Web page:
Two toddlers have just chased each other to the top of a jungle gym while their mothers are lost in conversation on a nearby park bench. A gang of older children in tracksuits comes racing along the bike path, laughing. They overtake a young mom, who is cycling slowly, balancing a baby in a seat on the front of her bike and a toddler on the back. A group of girls is playing monkey-in-the-middle on the grass. Not far away, some boys are perfecting their skateboarding moves. None of the school-age children are accompanied by adults. This is no movie, just a happy scene on a regular Wednesday afternoon in Amsterdam’s Vondelpark.
In 2013, UNICEF rated Dutch children the happiest in the world. According to researchers, Dutch kids are ahead of their peers in well-being when compared with twenty-nine of the world’s richest industrialized countries. The U.S. ranked twenty-sixth, just above Lithuania, Latvia and Romania – the three poorest countries in the survey.
As an American mom and a British mom, both of us married to Dutchmen and raising our kids in the Netherlands, it’s hard not to notice how happy Dutch children are. The scene we described above should give you an idea why: Childhood over here consists of freedom, plenty of play and little academic stress.
When we compare notes with friends back home, we hear horror stories, often to do with draconian selection processes to get into schools, starting at the tender age of three. These days there’s even such a thing as “good” or “bad” birthdays and “red-shirting” to ensure children have a head start over the other children in the class. In America, parenting has evolved into a highly competitive, exhausting business and schooling into a warzone with children drilled like miniature soldiers.
Of all the parenting decisions we have to make, our child’s education is one of the most fundamental. Education is seen as the route to success and a guarantee of a happy future. No American parent can ever be sure they’ve made the right decision, whether they’ve chosen private or state schooling. If you don’t get your kid into a good nursery school, they won’t get into a good prep school. A good prep school is essential to get your child into a decent middle and then high school. And, of course, a decent high school is essential to get a place at the best university. Many parents will go to great lengths to get their child into the right school – taking out an extra mortgage, or moving to a different town.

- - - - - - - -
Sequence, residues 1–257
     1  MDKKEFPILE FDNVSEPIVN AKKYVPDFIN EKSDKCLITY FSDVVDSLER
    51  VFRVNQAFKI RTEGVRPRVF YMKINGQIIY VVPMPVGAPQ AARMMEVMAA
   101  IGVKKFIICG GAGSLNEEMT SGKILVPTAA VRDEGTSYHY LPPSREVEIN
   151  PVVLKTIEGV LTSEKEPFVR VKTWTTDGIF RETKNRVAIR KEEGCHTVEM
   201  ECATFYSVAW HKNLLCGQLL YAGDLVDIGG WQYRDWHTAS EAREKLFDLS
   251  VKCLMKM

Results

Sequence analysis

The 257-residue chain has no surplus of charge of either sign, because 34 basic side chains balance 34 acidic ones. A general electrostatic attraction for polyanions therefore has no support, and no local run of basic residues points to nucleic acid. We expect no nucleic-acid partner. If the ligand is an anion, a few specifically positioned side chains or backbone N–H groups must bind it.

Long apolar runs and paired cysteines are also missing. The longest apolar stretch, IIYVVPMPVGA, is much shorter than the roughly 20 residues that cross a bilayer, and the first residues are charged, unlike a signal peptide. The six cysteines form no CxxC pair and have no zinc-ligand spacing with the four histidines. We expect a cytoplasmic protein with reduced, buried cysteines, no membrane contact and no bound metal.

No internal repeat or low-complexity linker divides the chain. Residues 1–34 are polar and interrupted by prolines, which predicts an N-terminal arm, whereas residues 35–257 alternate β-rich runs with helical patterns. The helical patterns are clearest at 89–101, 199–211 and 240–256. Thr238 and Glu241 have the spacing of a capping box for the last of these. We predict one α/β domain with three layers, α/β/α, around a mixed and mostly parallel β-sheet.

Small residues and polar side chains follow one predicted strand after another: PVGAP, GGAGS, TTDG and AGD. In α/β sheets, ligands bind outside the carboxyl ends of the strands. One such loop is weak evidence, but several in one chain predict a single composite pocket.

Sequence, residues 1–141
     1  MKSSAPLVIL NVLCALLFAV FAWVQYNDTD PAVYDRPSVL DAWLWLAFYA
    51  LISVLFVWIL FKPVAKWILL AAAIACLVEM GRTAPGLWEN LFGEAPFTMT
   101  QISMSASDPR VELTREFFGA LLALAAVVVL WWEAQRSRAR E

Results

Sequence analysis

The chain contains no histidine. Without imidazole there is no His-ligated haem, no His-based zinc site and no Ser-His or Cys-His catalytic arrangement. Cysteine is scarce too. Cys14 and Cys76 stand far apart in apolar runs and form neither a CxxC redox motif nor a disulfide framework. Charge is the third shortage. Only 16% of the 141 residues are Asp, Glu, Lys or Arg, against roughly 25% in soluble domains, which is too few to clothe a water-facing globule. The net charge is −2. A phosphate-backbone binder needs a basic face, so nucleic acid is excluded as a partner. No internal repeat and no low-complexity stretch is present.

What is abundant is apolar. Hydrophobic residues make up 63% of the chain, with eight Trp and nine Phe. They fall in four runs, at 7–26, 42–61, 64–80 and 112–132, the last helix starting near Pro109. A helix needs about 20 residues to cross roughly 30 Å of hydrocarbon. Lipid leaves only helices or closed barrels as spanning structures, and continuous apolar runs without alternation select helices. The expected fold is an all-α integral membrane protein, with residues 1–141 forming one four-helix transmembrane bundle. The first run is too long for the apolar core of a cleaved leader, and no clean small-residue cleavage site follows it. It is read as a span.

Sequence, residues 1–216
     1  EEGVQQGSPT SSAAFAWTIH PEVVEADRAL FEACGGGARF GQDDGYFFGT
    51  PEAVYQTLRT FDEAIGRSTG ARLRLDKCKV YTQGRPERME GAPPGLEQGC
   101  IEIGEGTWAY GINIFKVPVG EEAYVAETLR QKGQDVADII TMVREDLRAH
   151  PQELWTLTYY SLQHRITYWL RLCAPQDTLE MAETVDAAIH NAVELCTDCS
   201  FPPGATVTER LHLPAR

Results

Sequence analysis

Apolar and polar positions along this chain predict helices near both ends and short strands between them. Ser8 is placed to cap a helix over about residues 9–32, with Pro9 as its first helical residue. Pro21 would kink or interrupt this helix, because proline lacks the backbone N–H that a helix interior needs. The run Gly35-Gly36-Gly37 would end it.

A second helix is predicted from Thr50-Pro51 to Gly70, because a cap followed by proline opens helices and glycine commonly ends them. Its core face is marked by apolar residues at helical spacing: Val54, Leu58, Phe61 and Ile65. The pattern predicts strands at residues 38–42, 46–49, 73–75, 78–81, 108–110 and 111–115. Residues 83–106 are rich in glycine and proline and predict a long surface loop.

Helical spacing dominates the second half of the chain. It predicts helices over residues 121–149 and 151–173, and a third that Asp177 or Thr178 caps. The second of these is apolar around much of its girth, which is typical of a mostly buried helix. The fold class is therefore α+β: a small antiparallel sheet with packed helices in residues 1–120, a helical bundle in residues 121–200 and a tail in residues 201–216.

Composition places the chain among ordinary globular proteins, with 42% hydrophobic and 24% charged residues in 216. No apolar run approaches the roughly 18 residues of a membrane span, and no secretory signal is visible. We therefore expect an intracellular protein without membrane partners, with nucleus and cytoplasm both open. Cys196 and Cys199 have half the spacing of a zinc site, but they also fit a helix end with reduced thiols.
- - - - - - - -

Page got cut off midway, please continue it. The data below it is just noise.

But in the Netherlands, childhood is unencumbered with any of these particular concerns. Education has a different purpose: the route to a child’s well-being and their individual development. Schools in highly-populated areas use a lottery process to select students, rather than competitive entrance exams and heart-wrenching interviews. To get into most college programs, all a student needs is to pass high school exams at the right level. As a result, there is no real pressure to get straight A’s. In order to come to grips with the Dutch school system, we had to let go of a lot of things we’d been brought up to believe in and re-examine what education was all about.
In Dutch primary schools, kids start school at four but don’t start structured, formal learning — reading, writing, arithmetic — until six years old, Year 3. If they show interest in these subjects earlier, they are provided with the materials to explore them. Children may learn to read and write in their first year of school this way, but there is no pressure. Classmates who learn to read later, at six or seven, show no particular disadvantage and soon catch up.
Most schoolchildren don’t get any homework until they leave primary school. It’s unsurprising; a growing body of research suggests that homework for young children is a waste of time and has little or no benefit in enhancing learning or performance. Play, which is also a learning process, and having fun are considered more important here in the Low Countries than getting ahead academically.